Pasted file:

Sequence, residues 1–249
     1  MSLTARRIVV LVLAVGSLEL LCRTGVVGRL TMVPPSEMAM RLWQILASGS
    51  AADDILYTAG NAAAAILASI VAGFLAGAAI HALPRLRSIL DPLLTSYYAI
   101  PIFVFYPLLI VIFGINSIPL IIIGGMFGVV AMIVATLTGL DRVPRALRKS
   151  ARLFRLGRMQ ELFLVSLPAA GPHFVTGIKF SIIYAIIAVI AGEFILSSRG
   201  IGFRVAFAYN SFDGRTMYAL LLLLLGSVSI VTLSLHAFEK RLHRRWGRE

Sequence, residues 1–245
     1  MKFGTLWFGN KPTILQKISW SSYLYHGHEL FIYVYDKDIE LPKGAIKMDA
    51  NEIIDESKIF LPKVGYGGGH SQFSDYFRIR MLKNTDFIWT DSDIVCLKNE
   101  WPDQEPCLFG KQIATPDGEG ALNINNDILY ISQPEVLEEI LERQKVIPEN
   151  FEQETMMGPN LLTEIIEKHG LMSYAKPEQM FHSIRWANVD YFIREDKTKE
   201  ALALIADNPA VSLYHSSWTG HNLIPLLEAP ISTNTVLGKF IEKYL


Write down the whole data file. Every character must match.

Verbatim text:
Sequence, residues 1–249
     1  MSLTARRIVV LVLAVGSLEL LCRTGVVGRL TMVPPSEMAM RLWQILASGS
    51  AADDILYTAG NAAAAILASI VAGFLAGAAI HALPRLRSIL DPLLTSYYAI
   101  PIFVFYPLLI VIFGINSIPL IIIGGMFGVV AMIVATLTGL DRVPRALRKS
   151  ARLFRLGRMQ ELFLVSLPAA GPHFVTGIKF SIIYAIIAVI AGEFILSSRG
   201  IGFRVAFAYN SFDGRTMYAL LLLLLGSVSI VTLSLHAFEK RLHRRWGRE

Sequence, residues 1–245
     1  MKFGTLWFGN KPTILQKISW SSYLYHGHEL FIYVYDKDIE LPKGAIKMDA
    51  NEIIDESKIF LPKVGYGGGH SQFSDYFRIR MLKNTDFIWT DSDIVCLKNE
   101  WPDQEPCLFG KQIATPDGEG ALNINNDILY ISQPEVLEEI LERQKVIPEN
   151  FEQETMMGPN LLTEIIEKHG LMSYAKPEQM FHSIRWANVD YFIREDKTKE
   201  ALALIADNPA VSLYHSSWTG HNLIPLLEAP ISTNTVLGKF IEKYL